New CIS research: How disadvantaged schools have become top performers

Blaise Joseph

15 March 2019 | MEDIA RELEASE

Ground-breaking new research from The Centre for Independent Studies has identified the common policies and practices leading to success in disadvantaged primary schools.

 In Overcoming the Odds: A study of Australia’s top-performing disadvantaged schools, education research fellow Blaise Joseph investigated the practices of primary schools that perform well on NAPLAN literacy and numeracy tests despite having high proportions of students from disadvantaged social backgrounds — and not receiving any more funding than other similarly disadvantaged schools.

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 The study — the first of its kind conducted in Australia — found six common themes across nine high-achieving disadvantaged primary schools: 

  1. School discipline. Based on high expectations, a clear set of consistently applied classroom rules, and a centralised school behaviour policy.
  2. Direct and explicit instruction. New content is explicitly taught in sequenced and structured lessons. Includes clear lesson objectives, immediate feedback, reviews of content from previous lessons, unambiguous language, frequent checking of student understanding, demonstration of the knowledge or skill to be learnt, and students practicing skills with teacher guidance.
  3. Experienced and autonomous school leadership. Stable, long-term school leadership, and principal autonomy to select staff and control school budgets.
  4. Data-informed practice. Using data from teacher-written, NAPLAN, and other assessments to improve teaching, track student progress, and facilitate intervention for underachieving students.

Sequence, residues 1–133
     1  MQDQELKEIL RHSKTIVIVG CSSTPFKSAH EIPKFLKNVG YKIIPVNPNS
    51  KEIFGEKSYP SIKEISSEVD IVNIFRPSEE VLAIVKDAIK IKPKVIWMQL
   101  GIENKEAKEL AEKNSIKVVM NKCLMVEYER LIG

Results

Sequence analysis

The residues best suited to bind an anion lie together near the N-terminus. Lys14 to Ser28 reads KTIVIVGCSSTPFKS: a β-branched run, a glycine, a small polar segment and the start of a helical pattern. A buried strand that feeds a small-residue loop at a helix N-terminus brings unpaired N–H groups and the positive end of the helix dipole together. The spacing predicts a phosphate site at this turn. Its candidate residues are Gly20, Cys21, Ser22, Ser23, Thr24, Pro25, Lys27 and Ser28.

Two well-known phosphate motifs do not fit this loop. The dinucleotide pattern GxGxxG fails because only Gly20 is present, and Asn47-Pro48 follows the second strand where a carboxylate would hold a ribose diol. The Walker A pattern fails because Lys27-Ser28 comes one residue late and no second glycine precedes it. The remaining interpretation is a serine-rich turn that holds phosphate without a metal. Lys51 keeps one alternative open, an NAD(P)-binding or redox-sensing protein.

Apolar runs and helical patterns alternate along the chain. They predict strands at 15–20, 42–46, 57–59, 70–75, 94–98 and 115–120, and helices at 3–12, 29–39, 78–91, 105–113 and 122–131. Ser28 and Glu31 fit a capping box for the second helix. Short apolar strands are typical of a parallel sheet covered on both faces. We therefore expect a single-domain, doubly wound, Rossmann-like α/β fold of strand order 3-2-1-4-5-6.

5. Teacher collaboration and professional learning. Collaboration among teachers and specialist support staff to cater for the often-complex needs of disadvantaged students. With a focus on teacher professional learning, involving peer observations, mentoring, and attending practical professional development activities which help refine literacy and numeracy instruction.
  6. Comprehensive early reading instruction. Including five necessary elements of reading instruction: Phonemic awareness, Phonics, Fluency, Vocabulary, and Comprehension.

Mr Joseph said these six consistent themes indicate how disadvantaged primary schools could improve significantly, without necessarily having to increase school spending.

 “Students from disadvantaged social backgrounds perform worse academically on average than more advantaged students, both in Australia and overseas,” he said.

“But this research shows it is possible for students from disadvantaged backgrounds to succeed at school, given the right policies and practices — and this doesn’t require significantly more taxpayer funding.”

Blaise Joseph is an education Research Fellow at The Centre for Independent Studies and a former teacher. 

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